The Week in Energy: Venezuela and Oil

A critical part of the explanation for Venezuela’s decline lies in the damage done to PDVSA, its national oil company. When the Arab countries nationalised their oil industries in the 1960s and 1970s, they managed to retain many of their skills and capabilities. After Hugo Chávez, predecessor and mentor of Mr Maduro, was elected president in 1998, there was an exodus of experienced oil workers, as PDVSA was “packed with political and military appointments and descended into mismanagement and incompetence”, as the FT’s Jonathan Wheatley put it. Venezuela’s crude production fell to 1.1m barrels a day in December, just a third of its level in the mid-2000s. It is worth noting that although the decline in oil prices since 2014 has not helped Venezuela, the depth of its economic slump has not been shared by other petro-states. Over the past 10 years Saudi Arabia and Angola, to take two examples of economies that are heavily dependent on oil revenues, have outperformed Venezuela enormously in terms of economic growth.

The Energy Information Administration this week published its 2019 Annual Energy Outlook, projecting possible future scenarios for the US out to 2050. S&P Global Platts focused on the outlook for oil, highlighting the EIA’s projection, based on unchanged policies, that “record-breaking US oil production is expected to continue for decades, driven largely by the Permian Basin”. The EIA also forecast that wind and solar power would be the fastest growing sources of new electricity generation in the US, for at least the next two years. The longer-term projections imply a slowdown in the pace of growth in the 2020s, but the EIA also has a record of underestimating the growth of renewables, and many analysts think wind and solar in the US will also end up outpacing the EIA forecasts.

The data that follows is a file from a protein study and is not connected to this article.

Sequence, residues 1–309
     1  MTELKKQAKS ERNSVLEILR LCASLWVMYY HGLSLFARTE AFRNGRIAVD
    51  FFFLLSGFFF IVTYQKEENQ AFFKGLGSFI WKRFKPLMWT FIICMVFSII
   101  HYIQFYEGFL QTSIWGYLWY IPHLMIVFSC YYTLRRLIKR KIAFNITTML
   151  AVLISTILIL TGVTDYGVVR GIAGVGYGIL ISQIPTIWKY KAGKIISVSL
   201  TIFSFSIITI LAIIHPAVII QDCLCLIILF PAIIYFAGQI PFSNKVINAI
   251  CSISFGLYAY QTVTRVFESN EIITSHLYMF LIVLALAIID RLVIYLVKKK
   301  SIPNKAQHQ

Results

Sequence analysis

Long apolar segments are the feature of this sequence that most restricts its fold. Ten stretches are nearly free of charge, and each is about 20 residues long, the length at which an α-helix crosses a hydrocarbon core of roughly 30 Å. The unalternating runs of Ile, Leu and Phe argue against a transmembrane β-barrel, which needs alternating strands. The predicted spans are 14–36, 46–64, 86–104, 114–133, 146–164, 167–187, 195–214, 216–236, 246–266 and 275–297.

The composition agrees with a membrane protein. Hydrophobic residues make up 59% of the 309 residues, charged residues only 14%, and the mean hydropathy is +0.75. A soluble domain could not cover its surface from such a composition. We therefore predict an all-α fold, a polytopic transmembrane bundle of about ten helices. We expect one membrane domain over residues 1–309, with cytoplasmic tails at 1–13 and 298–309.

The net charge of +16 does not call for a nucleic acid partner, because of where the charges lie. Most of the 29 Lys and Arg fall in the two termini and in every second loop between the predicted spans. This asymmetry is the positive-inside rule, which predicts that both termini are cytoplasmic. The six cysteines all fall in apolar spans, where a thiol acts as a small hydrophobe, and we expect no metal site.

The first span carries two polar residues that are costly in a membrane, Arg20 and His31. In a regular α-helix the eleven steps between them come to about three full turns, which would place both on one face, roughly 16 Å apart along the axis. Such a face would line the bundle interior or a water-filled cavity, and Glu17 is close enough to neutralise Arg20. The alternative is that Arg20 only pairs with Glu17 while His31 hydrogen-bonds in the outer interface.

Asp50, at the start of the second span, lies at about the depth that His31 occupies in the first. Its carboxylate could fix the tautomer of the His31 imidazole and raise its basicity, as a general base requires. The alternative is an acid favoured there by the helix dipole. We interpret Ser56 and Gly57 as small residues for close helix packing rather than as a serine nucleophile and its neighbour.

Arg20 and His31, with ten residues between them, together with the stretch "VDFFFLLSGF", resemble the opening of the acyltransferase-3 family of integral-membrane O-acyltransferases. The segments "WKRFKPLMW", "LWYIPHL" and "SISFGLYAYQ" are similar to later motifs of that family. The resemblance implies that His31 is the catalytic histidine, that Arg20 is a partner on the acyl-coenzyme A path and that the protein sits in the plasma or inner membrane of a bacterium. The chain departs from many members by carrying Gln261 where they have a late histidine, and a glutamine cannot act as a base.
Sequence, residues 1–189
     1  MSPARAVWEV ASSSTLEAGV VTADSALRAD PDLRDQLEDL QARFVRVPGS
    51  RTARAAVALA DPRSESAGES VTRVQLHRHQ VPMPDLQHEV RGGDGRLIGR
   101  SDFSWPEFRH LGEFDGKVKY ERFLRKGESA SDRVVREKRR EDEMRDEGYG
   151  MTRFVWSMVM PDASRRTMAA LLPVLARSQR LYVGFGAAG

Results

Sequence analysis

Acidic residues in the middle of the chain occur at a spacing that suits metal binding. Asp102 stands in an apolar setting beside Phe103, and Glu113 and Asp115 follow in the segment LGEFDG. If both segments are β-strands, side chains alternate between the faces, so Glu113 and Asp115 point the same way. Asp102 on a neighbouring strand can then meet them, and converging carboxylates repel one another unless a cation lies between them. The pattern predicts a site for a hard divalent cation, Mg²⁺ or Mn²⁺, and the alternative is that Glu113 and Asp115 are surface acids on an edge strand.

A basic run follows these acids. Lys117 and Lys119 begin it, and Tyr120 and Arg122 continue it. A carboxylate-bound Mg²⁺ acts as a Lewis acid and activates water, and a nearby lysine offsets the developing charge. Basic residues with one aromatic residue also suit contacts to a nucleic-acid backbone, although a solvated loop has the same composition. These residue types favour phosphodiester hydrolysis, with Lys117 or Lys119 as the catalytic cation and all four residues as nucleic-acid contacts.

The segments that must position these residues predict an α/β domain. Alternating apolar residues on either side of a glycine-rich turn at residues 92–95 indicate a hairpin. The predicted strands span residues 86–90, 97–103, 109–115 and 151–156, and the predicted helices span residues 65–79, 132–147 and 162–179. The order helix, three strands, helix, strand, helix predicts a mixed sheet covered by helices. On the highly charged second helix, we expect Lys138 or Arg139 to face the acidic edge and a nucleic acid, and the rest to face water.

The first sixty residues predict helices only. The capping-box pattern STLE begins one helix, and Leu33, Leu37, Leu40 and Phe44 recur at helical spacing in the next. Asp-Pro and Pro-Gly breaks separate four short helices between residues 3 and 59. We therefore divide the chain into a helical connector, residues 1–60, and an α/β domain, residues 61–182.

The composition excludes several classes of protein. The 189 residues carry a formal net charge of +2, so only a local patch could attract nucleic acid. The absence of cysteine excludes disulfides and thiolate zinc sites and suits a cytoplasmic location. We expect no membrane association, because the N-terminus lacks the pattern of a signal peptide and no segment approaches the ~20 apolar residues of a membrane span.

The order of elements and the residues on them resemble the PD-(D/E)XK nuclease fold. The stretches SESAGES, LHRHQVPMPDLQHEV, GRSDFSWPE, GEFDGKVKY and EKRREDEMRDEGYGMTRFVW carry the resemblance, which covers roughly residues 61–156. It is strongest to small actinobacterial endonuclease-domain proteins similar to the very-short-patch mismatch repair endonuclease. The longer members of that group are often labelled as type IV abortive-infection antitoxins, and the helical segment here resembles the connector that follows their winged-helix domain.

The energy density advantage of oil-based fuels over batteries means that aviation will be one of the toughest sectors to move away from hydrocarbons. If world oil consumption does go into a declining trend at some point, jet fuel is one of the products that is likely to remain in use the longest. Rocky Mountain Institute warned in a report this week that the global aviation industry needed “a radical new plan to achieve its climate goals”, because its emissions are growing faster than earlier forecasts suggested, “and long-term solutions are nowhere in sight”. There is a research and development effort going into electric aircraft, however, and Boeing this week said it had recently held a first test flight for its “all-electric autonomous passenger air vehicle”.

A record-breaking heatwave has been scorching Australia, straining the country’s power supplies. In the state of Victoria, customers have been hit by rolling blackouts, as the heatwave caused “unanticipated levels of demand” for electricity. As the Australian Energy Market Operator worked to keep the lights on, it ordered Alcoa’s aluminium smelter in Victoria to cut its power usage for about 100 minutes under the system’s emergency process. Lily D’Ambrosio, Victoria’s energy minister, identified shutdowns and reduced output at several of the state’s coal and gas-fired power plants as critical factors in causing the blackouts. The AEMO warned that Australia’s ageing coal plants could be expected to break down more often in the future. Meanwhile, renewable energy is booming in Australia. Renewable generation on the grid in Australia’s national electricity market grew from 13.4 per cent in December 2017 to 17.6 per cent in December last year.

Source: “The Week in Energy: Venezuela and Oil”, Financial Times